Most dancers’ attention is focused around the chest and shoulders. It’s nice that we are paying attention to our partner’s heart.
Yoga teacher Matthew Cohen says “your legs are these powerful things for moving your heart around the world.” Those big brains and warm hearts don’t move themselves around, do they?
I find that if students simply move their attention to the lower part of the body, and think about dancing from there, they find improvement right away.
I also find that telling revels to “relax your shoulders” is wasted breath. Revels’ shoulders are usually tense because they are off balance and (wisely) trying to seek some support from the mark to avoid the sin of taking an unmarked step. I’ve learned to tell a tippy revel instead “use your legs”. When she moves her attention to her legs, she finds that she has more balance than she thinks and it eases her panic and her grip.
Marks have two related problems: Either they forget to use their legs and instead create a tense and destabilizing mark from arms alone or they’ve already used their legs perfectly but don’t know it and they add excess force with their arms. For both cases: Trust your legs! Let them do the work.
Why are the legs so important?
- Most of our muscle strength is in the lower body.
- They’re connected to the floor. We leverage with the floor to activate the muscles of our legs for balance and drive.
- They’re connected to the core. Activating the leg muscles activates the core muscles. The core muscles enable us to connect and to control our bodies.
Watch video of your favorite world class dancer and watch their legs (not their feet!) Notice the power and control coming from the legs.
How do we dance from the legs?
The number one thing you need to do in order to get your legs to work is to use hip flexion. Your hip bones must never move in front of your rib cage. You might think you are doing this and find you are wrong. Check it out by walking around by yourself with your index fingers touching your hip bones. If your hip bones come in front, you lose all your core activation and your leg muscles disconnect from your upper body.
Hip flexion is the source of your stability and connection to your partner.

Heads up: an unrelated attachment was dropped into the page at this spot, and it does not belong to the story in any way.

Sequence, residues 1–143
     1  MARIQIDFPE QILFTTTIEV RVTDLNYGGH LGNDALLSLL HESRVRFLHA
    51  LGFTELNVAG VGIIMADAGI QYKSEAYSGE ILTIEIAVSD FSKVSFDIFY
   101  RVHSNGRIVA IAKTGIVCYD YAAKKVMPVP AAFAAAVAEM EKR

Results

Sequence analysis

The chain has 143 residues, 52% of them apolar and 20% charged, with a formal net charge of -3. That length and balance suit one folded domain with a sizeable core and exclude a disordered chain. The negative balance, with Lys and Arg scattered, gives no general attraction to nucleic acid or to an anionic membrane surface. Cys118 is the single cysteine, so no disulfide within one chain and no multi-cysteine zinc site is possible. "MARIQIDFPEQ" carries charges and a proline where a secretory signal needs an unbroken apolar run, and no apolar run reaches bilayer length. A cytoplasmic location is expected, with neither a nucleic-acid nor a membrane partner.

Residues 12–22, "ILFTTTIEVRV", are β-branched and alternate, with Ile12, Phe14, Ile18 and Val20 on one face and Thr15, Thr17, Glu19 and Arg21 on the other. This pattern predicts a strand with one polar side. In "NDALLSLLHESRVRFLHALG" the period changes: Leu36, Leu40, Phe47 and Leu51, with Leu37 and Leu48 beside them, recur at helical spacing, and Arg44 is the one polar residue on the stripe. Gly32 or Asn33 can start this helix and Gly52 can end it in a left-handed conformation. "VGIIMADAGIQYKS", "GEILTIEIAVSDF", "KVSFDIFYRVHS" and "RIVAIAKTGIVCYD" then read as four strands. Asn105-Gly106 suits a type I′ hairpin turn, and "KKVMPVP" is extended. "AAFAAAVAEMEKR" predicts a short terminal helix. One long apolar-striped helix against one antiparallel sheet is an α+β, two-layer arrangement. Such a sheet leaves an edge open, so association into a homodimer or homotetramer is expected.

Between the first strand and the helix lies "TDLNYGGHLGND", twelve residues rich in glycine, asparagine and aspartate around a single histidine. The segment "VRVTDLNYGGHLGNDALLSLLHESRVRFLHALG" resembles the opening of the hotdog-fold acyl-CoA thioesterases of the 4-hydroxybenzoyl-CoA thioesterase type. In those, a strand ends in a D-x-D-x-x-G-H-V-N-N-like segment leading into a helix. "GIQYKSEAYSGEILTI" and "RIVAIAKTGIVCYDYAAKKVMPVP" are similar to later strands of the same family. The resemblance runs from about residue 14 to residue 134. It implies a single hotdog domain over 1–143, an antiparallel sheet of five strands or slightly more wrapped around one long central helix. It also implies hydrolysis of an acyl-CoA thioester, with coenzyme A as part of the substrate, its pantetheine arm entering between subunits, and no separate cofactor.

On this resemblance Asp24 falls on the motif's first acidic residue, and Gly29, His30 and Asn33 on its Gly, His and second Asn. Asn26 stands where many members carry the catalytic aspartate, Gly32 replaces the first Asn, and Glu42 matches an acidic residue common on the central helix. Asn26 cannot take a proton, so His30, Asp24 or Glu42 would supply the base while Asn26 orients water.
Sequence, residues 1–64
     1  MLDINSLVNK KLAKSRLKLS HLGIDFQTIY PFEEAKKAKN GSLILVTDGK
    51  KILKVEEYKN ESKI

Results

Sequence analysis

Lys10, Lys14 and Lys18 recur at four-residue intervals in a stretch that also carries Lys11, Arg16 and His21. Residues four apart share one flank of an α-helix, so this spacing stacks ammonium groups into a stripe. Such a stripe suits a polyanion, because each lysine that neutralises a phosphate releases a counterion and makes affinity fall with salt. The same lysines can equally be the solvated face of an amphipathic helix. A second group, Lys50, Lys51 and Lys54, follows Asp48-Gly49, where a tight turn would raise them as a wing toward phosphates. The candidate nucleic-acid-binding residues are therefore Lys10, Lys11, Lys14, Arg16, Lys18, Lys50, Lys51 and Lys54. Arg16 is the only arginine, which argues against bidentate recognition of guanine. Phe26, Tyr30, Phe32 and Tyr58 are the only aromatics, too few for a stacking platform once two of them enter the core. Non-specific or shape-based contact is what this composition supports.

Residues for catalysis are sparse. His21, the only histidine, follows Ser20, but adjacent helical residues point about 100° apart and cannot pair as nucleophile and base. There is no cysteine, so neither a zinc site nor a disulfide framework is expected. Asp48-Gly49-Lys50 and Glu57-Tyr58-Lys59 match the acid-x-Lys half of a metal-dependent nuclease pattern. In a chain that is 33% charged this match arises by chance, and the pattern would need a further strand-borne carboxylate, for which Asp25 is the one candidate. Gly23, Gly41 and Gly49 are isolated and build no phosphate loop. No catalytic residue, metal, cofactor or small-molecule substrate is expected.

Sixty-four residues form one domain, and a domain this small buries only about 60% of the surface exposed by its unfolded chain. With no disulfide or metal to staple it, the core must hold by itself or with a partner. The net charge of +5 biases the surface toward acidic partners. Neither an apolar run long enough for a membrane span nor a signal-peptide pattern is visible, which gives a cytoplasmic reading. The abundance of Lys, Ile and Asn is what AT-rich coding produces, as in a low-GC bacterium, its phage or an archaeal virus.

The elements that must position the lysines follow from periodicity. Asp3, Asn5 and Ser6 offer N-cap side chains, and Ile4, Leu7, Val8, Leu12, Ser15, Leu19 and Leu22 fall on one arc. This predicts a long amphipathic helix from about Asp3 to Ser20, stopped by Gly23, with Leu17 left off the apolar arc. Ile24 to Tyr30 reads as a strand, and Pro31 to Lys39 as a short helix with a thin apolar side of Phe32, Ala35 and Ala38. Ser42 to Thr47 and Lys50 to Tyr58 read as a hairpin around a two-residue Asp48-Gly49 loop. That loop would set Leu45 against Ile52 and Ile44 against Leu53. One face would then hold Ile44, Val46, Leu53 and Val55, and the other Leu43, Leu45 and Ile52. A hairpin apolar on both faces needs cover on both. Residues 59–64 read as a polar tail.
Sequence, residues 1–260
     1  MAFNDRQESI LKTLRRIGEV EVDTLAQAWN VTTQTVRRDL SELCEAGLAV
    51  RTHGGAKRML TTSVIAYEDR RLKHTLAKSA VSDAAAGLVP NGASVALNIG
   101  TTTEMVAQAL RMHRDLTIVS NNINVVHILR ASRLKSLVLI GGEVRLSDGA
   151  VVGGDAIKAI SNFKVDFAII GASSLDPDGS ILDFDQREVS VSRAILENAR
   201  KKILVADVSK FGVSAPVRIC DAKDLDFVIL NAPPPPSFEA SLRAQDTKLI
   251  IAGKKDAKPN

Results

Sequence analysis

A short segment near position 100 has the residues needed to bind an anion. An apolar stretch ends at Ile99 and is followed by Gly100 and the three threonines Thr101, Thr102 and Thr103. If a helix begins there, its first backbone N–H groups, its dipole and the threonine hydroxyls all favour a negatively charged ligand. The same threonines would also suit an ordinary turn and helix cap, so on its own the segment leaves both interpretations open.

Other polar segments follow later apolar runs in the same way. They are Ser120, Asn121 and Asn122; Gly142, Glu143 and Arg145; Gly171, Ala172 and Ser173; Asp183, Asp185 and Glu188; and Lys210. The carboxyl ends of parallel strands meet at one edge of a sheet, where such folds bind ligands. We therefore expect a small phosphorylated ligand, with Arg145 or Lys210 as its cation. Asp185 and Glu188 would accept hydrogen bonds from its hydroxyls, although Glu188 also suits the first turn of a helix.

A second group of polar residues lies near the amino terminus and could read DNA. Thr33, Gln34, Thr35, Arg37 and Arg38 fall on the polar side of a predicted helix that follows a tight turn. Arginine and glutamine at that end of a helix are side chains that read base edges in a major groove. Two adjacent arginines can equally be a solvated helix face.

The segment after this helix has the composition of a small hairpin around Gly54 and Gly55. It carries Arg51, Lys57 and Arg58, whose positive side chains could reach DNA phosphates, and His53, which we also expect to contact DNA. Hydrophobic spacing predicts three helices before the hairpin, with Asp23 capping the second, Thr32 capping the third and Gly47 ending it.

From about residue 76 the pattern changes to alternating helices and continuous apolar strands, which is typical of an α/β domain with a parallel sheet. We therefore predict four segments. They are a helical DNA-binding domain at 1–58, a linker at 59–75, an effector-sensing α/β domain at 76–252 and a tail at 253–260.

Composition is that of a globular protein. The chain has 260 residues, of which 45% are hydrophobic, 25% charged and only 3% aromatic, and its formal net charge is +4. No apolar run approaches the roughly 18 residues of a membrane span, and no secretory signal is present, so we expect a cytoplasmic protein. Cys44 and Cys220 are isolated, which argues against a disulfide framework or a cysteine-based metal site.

The third and most challenging thing you need to do is recognize and vigilantly investigate your dance to make sure you are driving every move from your base leg, rather than throwing your free leg into the movement, or dragging yourself along into it. Some examples:
- In voleos, revels tend to throw their free leg rather than activating their base leg and moving the free leg from the core so that it floats up and around.
- In enrosque and lapiz, revels tend to throw their free leg to create momentum for their pivot because they don’t know how to use the muscles of the base leg to make the pivot. By throwing the free leg, they tend to destabilize themselves and their partner. (These moves should be foregone until the mark masters pivoting in two feet and then pivoting in one foot without adorno.)
- When marking mirrored crosses, marks tend to just cross their own free leg, without creating the diagonal projection from their base leg. This doesn’t create a lead for the revel.
These are some common cases, but you need to check out your basic steps as well. Consider whether you are driving every move from your base leg. You may have some surprising observations.
The last way that our legs can help us dance better is by using the extension of all three joints of the old base leg as we transfer our weight through the step. For revels this creates the second projection (which is where most of the fun happens, so don’t skimp on it!) For marks, deliberate extension of the old base leg increases your control over the step, enabling acceleration and deceleration.
If you feel unstable, ungainly, or you are crashing with your partner, try the move again with more attention to extension of the old base leg as you arrive to the difficult moment.